Sony Corp. said a major blaze had broken out at its distribution center near Enfield, north London, damaging DVDs and other products. So many fires were being fought in the capital that Thames Water warned that some customers could face water pressure drops.
Dozens of people attacked shops in Birmingham's main retail district, and clashed with police in Liverpool and Bristol.
In London's Hackney neighborhood, hundreds of youths left a trail of burning trash and shattered glass. Looters ransacked a convenience store, filling plastic shopping bags with alcohol, cigarettes, candy and toilet paper.
East London's diversity was on display amid the charred hulks of cars and the smell of burning plastic. Some looters were young women with manicured nails and customized BlackBerry smart phones. Others wore dreadlocks and stained shirts or appeared to be homeless.
"This is the uprising of the working class. We're redistributing the wealth," said Bryn Phillips, a 28-year-old self-described anarchist, as young people emerged from the store with chocolate bars and ice cream cones.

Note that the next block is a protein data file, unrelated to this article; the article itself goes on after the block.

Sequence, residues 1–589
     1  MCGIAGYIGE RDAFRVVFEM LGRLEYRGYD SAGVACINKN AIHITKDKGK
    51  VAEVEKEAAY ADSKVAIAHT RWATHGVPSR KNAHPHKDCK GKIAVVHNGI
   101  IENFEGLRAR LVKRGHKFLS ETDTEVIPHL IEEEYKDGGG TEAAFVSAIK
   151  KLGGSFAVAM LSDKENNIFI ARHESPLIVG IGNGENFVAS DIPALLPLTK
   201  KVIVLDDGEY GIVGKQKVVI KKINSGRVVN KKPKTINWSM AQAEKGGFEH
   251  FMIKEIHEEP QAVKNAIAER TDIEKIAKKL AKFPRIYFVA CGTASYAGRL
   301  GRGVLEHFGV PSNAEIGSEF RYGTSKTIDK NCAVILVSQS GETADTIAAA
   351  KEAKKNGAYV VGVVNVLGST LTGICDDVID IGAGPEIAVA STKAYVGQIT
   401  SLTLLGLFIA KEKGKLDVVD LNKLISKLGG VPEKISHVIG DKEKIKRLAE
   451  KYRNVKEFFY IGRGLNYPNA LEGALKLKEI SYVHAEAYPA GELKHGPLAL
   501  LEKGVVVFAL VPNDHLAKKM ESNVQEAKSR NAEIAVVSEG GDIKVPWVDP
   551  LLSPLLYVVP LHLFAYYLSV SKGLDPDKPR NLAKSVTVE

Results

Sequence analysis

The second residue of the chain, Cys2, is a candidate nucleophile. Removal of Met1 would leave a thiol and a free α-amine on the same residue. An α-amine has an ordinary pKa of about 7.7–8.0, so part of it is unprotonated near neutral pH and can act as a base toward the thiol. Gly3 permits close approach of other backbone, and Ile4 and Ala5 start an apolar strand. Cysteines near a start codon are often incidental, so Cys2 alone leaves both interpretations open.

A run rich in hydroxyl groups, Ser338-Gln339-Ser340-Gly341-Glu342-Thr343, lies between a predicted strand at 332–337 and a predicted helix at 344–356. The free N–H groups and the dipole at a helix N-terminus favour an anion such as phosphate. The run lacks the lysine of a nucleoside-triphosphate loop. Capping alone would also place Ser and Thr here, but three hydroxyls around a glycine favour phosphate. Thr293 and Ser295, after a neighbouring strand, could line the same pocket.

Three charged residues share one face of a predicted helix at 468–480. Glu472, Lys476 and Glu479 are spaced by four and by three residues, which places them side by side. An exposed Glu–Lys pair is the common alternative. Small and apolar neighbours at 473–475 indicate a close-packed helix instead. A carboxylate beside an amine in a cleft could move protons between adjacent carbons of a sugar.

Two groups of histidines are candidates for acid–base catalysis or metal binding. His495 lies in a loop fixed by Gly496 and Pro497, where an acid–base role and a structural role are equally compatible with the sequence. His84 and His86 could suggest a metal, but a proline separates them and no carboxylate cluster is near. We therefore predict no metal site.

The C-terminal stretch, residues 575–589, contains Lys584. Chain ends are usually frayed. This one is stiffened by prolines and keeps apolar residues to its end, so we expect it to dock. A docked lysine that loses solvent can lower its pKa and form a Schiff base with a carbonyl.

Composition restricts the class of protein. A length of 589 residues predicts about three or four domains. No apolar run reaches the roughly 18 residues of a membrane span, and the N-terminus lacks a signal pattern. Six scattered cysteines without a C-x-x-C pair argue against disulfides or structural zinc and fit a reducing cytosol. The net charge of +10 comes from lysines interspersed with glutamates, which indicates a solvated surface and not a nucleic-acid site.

Phillips claimed rioters were motivated by distrust of the police, and drew a link between the rage on London's street and insurgent right-wing politics in the United States. "In America you have the tea party, in England you've got this," he said.
Some residents called for police to deploy water cannons to disperse rioters, or call on the military for support. They questioned the strength of leadership within London's police department — particularly after a wave of resignations prompted by the country's phone-hacking scandal.
Youths used text messages, instant messaging on BlackBerry phones and social media platforms such as Twitter to coordinate attacks and stay ahead of the police.
Police were also monitoring Twitter, and warned that those who posted messages inciting the violence could face arrest.
About 100 young people clashed with police in the Camden and Chalk Farm areas of north London. In the Peckham district of south London, where a building was set ablaze along with a bus — which was not carrying passengers — onlookers said the scene resembled a conflict zone. Cars were torched in nearby Lewisham, and in west London's Ealing suburb the windows of each store along entire streets had been smashed.
"There's been tension for a long time. The kids aren't happy. They hate the police," said Matthew Yeoland, a 43-year-old teacher watching the unrest in Peckham. "It's like a war zone and the police weren't doing anything. There were too many people and not enough police."